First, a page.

Denis O’Connor’s The Tangler Project numbers over sixty works and has been seven years in the making. The wall pieces in this third and final chapter bring into the gallery what usually remains hidden in O’Connor’s voluminous archive of sketchbooks dating back to 1985, when he was The Frances Hodgkins Fellow at Otago University. Many of O’Connor’s works use text from a wide range of contemporary poets. Drawings on collaged fragments of roof slate mimic chalk on blackboard and are diaristic and instructional in tone. These roof-drawings portray O’Connor’s masked artist-figure in many differing role-plays and tropes. We see the artist as parent. We see him as ‘Beauty’ leaping into the void. He mimics how chance is an artist’s ally. We see him as long-distance athlete, hands-on manual worker or absurd show-off. The device of his horse-mask is suggestive of masquerade or trickster traditions – it recalls Oscar Wilde’s dictum:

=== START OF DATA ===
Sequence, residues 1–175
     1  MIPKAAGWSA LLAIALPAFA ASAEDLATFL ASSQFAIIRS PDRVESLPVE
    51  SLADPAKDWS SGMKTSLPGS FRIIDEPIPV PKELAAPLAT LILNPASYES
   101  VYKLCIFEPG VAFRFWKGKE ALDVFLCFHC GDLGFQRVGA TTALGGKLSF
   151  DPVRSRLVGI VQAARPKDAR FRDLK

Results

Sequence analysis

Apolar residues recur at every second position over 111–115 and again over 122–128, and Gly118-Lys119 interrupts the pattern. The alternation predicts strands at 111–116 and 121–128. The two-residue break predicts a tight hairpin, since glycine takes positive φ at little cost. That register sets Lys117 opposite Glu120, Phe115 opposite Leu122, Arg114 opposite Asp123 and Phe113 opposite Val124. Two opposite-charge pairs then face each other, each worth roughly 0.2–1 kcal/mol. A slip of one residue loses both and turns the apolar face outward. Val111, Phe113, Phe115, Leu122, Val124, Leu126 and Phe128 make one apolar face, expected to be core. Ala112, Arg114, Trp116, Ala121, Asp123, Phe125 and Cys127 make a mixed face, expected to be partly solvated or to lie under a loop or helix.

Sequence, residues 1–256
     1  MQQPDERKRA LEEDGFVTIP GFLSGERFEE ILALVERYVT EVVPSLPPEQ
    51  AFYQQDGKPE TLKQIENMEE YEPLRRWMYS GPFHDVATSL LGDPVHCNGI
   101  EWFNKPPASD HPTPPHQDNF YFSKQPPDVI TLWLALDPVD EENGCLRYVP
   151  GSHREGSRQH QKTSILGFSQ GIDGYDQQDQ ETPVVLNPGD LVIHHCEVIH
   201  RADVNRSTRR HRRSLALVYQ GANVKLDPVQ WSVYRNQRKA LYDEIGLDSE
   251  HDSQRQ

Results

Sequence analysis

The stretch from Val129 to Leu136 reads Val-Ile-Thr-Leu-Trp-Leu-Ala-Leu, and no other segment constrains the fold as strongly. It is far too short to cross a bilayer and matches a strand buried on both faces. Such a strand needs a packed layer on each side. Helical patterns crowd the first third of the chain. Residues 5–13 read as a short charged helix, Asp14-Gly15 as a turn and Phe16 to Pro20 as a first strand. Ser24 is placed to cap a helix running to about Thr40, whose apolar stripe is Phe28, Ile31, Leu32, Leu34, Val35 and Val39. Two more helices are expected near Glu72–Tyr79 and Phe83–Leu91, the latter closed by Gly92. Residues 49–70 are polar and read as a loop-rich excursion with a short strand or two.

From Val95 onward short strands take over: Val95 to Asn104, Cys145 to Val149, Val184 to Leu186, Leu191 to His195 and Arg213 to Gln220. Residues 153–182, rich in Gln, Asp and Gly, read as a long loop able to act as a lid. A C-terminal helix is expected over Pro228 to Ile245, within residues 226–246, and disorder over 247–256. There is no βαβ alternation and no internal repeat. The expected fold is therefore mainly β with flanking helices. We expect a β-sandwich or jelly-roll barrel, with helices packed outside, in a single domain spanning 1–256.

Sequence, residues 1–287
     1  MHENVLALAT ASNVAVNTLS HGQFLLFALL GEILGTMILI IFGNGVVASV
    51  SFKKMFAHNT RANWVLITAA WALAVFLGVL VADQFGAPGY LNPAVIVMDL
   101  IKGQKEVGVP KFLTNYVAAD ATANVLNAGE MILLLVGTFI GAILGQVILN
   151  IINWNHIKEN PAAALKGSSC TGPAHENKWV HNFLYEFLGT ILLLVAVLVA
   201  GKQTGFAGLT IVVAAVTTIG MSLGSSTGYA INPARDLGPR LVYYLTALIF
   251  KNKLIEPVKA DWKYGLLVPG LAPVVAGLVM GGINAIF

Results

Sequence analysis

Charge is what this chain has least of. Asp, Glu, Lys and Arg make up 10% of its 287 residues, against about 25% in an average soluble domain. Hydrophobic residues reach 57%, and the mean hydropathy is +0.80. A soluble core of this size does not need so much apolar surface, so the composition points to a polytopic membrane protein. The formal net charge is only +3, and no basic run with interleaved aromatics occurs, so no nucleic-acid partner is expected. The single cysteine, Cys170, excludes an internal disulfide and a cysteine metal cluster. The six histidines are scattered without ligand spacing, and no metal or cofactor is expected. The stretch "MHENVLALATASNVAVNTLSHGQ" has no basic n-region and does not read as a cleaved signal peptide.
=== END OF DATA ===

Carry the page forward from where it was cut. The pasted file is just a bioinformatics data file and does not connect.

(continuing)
Man is least himself when he talks in his own person – give him a mask and he will tell you the truth.
Coinciding with this show is the premiere of a documentary film called ‘Mindspaces – the Artists Studio’, that has been three years in the making. With Denis O’Connor as narrator and guide, we are taken into the private sanctuary of the studio he has occupied since 1971 – a room rich in layered histories and detritus. O’Connor obtained access to the studio and archive of the great 20th century artist Francis Bacon. O’Connor’s daughter, the late Dr Blaze O’Connor (1975 – 2009), was part of a small team responsible for the archaeological survey of Bacon’s famous studio, facilitating its transfer from London to Dublin. Through this survey we learn how Bacon’s chaotic studio functioned as the artist’s inspirational archive. O’Connor also turns the lens onto Lucian Freud’s studio in a revealing conversation with Freud’s biographer, the art historian Martin Gayford. Filmed in England, Ireland and France this documentary will be shown at the Auckland Art Gallery on Sunday August 3rd at 1pm. It was produced by English Director Stephanie Bennett, with support from the Chartwell Trust.